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Eur J Public Health. 2016 Aug;26(4):693-9. doi: 10.1093/eurpub/ckw037. Epub 2016 Apr 9.

Attrition analysed in five waves of a longitudinal yearly survey of smokers: findings from the ITC Netherlands survey.

Author information

1
1 Department of Psychology, Alumni, Leiden University, Leiden, The Netherlands.
2
2 Department of Health Promotion, Maastricht University (CAPHRI), Maastricht, The Netherlands 3 Department of Family Medicine, Maastricht University (CAPHRI), Maastricht, The Netherlands gera.nagelhout@maastrichtuniversity.nl.
3
4 Department of Psychology, Leiden University, Leiden, The Netherlands.
4
5 Department of Psychology and School of Public Health and Health Systems, University of Waterloo, Waterloo, Ontario, Canada.
5
5 Department of Psychology and School of Public Health and Health Systems, University of Waterloo, Waterloo, Ontario, Canada 6 Ontario Institute for Cancer Research, Toronto, Ontario, Canada.
6
7 Department of Communication, University of Amsterdam (ASCoR), Amsterdam, The Netherlands 8 Trimbos Institute, Netherlands Institute for Mental Health and Addiction, Utrecht, The Netherlands.
7
2 Department of Health Promotion, Maastricht University (CAPHRI), Maastricht, The Netherlands.
8
9 Department of Statistics and Actuarial Science, University of Waterloo, Waterloo, Ontario, Canada.
9
2 Department of Health Promotion, Maastricht University (CAPHRI), Maastricht, The Netherlands 10 Dutch Alliance for a Smokefree Society, The Hague, The Netherlands.

Abstract

BACKGROUND:

Attrition bias can affect the external validity of findings. This article analyses attrition bias and assesses the effectiveness of replenishment samples on demographic and smoking-related characteristics for the International Tobacco Control Netherlands Survey, a longitudinal survey among smokers.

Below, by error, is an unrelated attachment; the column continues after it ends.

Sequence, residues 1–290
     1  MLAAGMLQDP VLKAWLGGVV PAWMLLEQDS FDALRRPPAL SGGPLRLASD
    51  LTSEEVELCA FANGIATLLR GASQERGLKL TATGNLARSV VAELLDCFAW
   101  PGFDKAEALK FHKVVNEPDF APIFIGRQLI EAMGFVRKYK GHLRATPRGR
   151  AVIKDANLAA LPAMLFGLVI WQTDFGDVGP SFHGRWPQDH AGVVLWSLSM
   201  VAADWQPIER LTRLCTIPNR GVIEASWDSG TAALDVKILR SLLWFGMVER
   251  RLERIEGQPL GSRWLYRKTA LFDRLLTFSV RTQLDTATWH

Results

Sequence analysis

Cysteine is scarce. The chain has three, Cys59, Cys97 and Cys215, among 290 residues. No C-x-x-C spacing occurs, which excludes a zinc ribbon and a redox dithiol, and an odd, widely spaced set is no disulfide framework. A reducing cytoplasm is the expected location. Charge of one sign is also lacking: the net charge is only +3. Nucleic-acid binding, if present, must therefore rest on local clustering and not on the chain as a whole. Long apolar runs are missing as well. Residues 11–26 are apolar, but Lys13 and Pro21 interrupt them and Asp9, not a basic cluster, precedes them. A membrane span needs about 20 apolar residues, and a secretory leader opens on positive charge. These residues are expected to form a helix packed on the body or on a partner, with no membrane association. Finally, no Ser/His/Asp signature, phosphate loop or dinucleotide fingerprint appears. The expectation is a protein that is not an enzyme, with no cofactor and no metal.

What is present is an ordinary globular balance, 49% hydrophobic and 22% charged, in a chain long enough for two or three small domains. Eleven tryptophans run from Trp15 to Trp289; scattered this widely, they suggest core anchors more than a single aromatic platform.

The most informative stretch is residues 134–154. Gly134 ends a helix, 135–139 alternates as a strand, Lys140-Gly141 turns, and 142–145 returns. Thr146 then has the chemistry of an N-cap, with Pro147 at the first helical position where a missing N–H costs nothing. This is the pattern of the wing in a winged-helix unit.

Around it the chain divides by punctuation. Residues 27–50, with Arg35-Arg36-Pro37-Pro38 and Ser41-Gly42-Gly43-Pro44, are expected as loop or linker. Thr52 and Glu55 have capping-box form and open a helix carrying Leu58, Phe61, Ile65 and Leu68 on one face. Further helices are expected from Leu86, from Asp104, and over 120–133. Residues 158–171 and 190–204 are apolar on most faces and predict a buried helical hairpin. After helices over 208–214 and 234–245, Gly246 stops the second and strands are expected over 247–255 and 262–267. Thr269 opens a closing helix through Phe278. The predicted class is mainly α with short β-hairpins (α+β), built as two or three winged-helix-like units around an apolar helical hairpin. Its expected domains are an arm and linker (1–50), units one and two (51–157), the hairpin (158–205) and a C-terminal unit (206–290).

METHODS:

Attrition analyses were conducted for the first five survey waves (2008-12). We assessed, including and excluding replenishment samples, whether the demographic composition of the samples changed between the first and fifth waves. Replenishment samples were tailored to ensure the sample remained representative of the smoking population. We also constructed a multivariable survival model of attrition that included all five waves with replenishment samples.

RESULTS:

Of the original 1820 respondents recruited in 2008, 46% participated again in 2012. Demographic differences between waves due to attrition were generally small and replenishment samples tended to minimize them further. The multivariable survival analysis revealed that only two of the 10 variables analysed were significant predictors of attrition: a weak effect for gender (men dropped out more often) and weak to moderate effects for age (respondents aged 15-24 years dropped out more than aged 25-39 years, who dropped out more than those aged 40+ years).

CONCLUSIONS:

Weak to moderate attrition effects were found for men and younger age groups. This information could be used to minimize respondent attrition. Our findings suggest that sampling weights and tailored replenishment samples can effectively compensate for attrition effects. This is already being done for the International Tobacco Control Netherlands Survey, including the categories that significantly predicted attrition in this study.

PMID:
27060589
DOI:
10.1093/eurpub/ckw037
[Indexed for MEDLINE]

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